March 27--Spend even a few minutes learning about the permit being sought by Enbridge for its Line 67 oil pipeline -- the "Alberta Clipper," as it has been known -- and any controversy becomes hard to fathom.
The hundreds who turned out in opposition at an open house-style hearing in Bemidji, Minn., earlier this month surely must have been objecting to the continuing use of fossil fuels as a whole -- a worthy struggle being won with every outdated coal-fired power plant that shuts down and with every green proposal to encourage the use of renewable energy.
What Enbridge is seeking for Line 67 wouldn't contribute to big-picture problems related to the environment or climate change, however. A recently completed, 700-page draft supplemental environmental impact statement even found that the company's proposal would have "no significant adverse impact" at all. The determination wasn't for a lack of looking.
Line 67 runs for 999 miles from Alberta, Canada, to Enbridge's terminal in Superior. Just opened in 2010, the pipe carries 800,000 barrels of crude oil per day. That is, except for a short, three-mile stretch right at the North Dakota-Canada border. There the pipeline is allowed to carry only 500,000 barrels per day. There the unused capacity in parallel pipelines is tapped to get the other 300,000 barrels per day from Canada to the U.S.
Enbridge is seeking a supplemental presidential permit so Line 67 can carry the 800,000 barrels per day it was designed and built to carry through the three-mile border crossing, too. Approval seems such a technicality and a matter of course that it shouldn't even raise an eyebrow, much less spark concern.
"All of the facilities are built. We just need this presidential permit to increase the capacity on the border crossing itself. ... That would allow us to operate everything as designed. And that's the most efficient way to operate that pipeline," Tom Hodge, a project director for Enbridge in Duluth, said in an interview with the News Tribune editorial board. "It's something that should be very easy to approve, we believe. We'd like to see it approved as quickly as possible."
Quickly? Approval has taken four long years and counting after the application got caught up in the Keystone XL pipeline debate. Encouragingly, the process continues now. A comment period on the draft supplemental environmental impact statement ends Monday. The comments will be used to shape the final environmental impact statement. With that and with a determination that increasing the pipeline's capacity at the border is in the national interest, the permit could be granted by as soon as late summer or this fall.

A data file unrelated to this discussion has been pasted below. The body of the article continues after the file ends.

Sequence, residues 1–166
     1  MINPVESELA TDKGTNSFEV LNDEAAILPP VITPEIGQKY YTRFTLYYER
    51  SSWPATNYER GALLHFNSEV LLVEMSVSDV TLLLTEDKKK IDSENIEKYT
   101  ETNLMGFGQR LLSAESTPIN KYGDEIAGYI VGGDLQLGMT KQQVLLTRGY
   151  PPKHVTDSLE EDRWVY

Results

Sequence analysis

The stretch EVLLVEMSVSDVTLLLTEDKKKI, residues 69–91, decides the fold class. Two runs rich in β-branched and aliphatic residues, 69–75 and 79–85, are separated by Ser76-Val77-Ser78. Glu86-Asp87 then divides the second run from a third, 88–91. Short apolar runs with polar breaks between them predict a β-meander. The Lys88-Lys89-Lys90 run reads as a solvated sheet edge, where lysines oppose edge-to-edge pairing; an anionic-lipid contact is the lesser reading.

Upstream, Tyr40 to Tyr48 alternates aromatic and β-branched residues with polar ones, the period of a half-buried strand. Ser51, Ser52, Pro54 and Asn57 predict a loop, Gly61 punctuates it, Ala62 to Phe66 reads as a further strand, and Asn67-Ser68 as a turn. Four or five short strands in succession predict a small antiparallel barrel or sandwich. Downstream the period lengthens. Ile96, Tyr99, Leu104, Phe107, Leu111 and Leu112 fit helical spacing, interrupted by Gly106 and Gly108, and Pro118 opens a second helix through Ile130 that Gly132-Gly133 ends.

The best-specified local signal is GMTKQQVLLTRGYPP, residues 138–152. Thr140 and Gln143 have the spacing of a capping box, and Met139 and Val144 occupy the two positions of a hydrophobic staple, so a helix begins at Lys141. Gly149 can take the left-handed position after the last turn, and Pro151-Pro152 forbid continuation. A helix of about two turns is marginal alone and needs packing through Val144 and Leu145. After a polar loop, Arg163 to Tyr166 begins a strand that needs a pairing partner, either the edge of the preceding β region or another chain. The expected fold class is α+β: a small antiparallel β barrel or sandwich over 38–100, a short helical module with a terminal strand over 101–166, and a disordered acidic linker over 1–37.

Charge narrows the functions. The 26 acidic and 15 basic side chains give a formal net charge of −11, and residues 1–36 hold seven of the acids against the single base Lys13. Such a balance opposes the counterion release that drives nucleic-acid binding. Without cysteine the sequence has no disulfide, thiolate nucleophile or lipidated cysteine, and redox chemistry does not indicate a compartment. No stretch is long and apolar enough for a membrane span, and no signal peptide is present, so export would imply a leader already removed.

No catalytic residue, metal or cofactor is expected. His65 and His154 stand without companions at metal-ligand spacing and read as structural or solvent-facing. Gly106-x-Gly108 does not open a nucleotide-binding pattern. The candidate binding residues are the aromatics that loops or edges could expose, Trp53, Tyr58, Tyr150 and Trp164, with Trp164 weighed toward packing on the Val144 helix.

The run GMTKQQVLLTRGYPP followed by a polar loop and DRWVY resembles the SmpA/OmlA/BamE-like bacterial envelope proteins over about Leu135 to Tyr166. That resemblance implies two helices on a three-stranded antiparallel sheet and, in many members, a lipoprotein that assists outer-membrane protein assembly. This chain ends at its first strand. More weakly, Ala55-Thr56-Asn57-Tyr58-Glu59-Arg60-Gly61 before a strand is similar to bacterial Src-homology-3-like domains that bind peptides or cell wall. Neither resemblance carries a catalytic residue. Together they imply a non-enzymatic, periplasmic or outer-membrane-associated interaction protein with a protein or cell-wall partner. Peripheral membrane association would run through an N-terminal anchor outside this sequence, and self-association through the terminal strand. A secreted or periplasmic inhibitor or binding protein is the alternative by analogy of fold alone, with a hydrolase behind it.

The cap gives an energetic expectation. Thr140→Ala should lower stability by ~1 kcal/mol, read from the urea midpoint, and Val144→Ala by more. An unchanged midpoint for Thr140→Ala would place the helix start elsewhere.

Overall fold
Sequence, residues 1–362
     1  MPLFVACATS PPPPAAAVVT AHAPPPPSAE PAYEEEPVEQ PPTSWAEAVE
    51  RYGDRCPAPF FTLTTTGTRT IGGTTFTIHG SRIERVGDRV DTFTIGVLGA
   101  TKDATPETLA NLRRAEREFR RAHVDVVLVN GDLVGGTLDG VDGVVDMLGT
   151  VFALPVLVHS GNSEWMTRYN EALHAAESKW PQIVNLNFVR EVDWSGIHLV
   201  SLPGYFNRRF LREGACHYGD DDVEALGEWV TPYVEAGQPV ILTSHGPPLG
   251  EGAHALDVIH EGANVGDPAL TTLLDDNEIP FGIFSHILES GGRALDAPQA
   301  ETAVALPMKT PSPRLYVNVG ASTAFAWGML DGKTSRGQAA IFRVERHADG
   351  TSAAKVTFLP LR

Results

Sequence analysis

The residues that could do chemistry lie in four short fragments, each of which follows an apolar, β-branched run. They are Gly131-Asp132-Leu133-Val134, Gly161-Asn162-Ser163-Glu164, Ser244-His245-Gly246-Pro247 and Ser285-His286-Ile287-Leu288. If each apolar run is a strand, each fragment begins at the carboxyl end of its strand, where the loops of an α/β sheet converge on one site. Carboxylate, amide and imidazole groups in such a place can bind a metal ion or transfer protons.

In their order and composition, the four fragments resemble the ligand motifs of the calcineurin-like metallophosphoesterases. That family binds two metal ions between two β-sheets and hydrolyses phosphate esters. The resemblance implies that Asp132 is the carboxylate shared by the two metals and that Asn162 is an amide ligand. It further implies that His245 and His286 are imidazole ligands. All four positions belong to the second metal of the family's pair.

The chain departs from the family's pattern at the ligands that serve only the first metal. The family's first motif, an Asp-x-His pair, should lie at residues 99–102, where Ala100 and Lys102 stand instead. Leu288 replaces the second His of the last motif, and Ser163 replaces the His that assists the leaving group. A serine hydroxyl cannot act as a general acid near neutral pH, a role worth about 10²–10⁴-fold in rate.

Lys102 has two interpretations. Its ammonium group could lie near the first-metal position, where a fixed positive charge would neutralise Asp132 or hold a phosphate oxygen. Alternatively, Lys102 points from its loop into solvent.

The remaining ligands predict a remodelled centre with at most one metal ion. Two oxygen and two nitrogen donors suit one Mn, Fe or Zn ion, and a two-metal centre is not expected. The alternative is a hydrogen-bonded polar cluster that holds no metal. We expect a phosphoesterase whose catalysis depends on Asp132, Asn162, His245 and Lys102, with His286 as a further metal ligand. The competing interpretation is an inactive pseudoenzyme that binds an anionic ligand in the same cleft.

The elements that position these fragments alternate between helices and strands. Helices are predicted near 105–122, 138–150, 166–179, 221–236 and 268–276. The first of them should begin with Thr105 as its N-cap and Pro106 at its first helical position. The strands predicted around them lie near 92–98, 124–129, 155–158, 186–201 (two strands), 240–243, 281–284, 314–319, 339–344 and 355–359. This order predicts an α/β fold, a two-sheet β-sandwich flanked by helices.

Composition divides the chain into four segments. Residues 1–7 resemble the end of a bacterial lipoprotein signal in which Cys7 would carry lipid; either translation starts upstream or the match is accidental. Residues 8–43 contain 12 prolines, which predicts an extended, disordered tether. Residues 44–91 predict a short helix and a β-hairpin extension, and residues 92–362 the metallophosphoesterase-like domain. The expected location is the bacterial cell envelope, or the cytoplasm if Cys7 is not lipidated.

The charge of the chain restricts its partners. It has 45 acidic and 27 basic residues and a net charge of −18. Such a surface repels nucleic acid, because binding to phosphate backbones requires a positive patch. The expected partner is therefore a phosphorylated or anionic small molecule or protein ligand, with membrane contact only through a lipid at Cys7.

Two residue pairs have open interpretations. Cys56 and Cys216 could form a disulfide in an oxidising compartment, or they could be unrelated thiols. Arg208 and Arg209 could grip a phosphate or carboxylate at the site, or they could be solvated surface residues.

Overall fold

"This (nearly 1,000-mile pipeline) is already completely approved through the state of Minnesota, North Dakota, (and) Wisconsin. The (National Energy Board in) Canada has completely approved this project. We've just been waiting four-plus years for a three-mile segment," Enbridge's Patrick Hughley explained to editorial board members.
Without the permit approval, Enbridge could opt to move more Canadian oil on train cars. While pipelines are far from a spill-free option, they are 4.5 times safer than transporting by rail, according to a 2015 Fraser Institute study. In 2013, more crude oil was spilled in U.S. rail incidents than during the previous 37 years, Forbes reported in 2014.
Rather than a problem, oil pipelines long have been an economic boon for northern Minnesota. Consider Enbridge's Line 3 replacement. The company is expected to invest $2.1 billion in Minnesota on that project alone. In addition, according to the Jobs for Minnesotans group, Enbridge paid more than $34 million in property taxes to the state in 2011. And its community investment program supported Minnesota nonprofits with more than $276,490 in 2014.
"It's a significant impact to have these kinds of facilities running through your area. (Building them) brings in temporary workers who stay in hotels, buy fuel, (and) go to the local restaurants. It's a significant positive local economic impact on those communities, They benefit from the work that's done," Hodge said. "We need to get (the Line 67 permit) approved now, too."
A significant and positive economic impact without any negative environmental effects: approving the Line 67 permit is a decision not even worth raising an eyebrow over.
TO LEARN MORE
The U.S. Department of State has posted the draft supplemental environmental impact statement for Enbridge's Line 67 permit application. To read it, go to: state.gov/e/enr/applicant/applicants/environmentalreview
TO MAKE A COMMENT
The deadline to offer a comment about the statement is Monday, March 27, 2017. There are two ways:
-- Submit a comment electronically at: regulations.gov/comment?D=DOS_FRDOC_0001-3982. In the subject line, type, "Line 67 Expansion SEIS."
-- Or mail a comment to Mary D. Hassell, NEPA Coordinator; U.S. Department of State; 2201 C Street, NW, Suite 2727; Washington, DC 20520. Label the envelope, "Line 67 Expansion SEIS."
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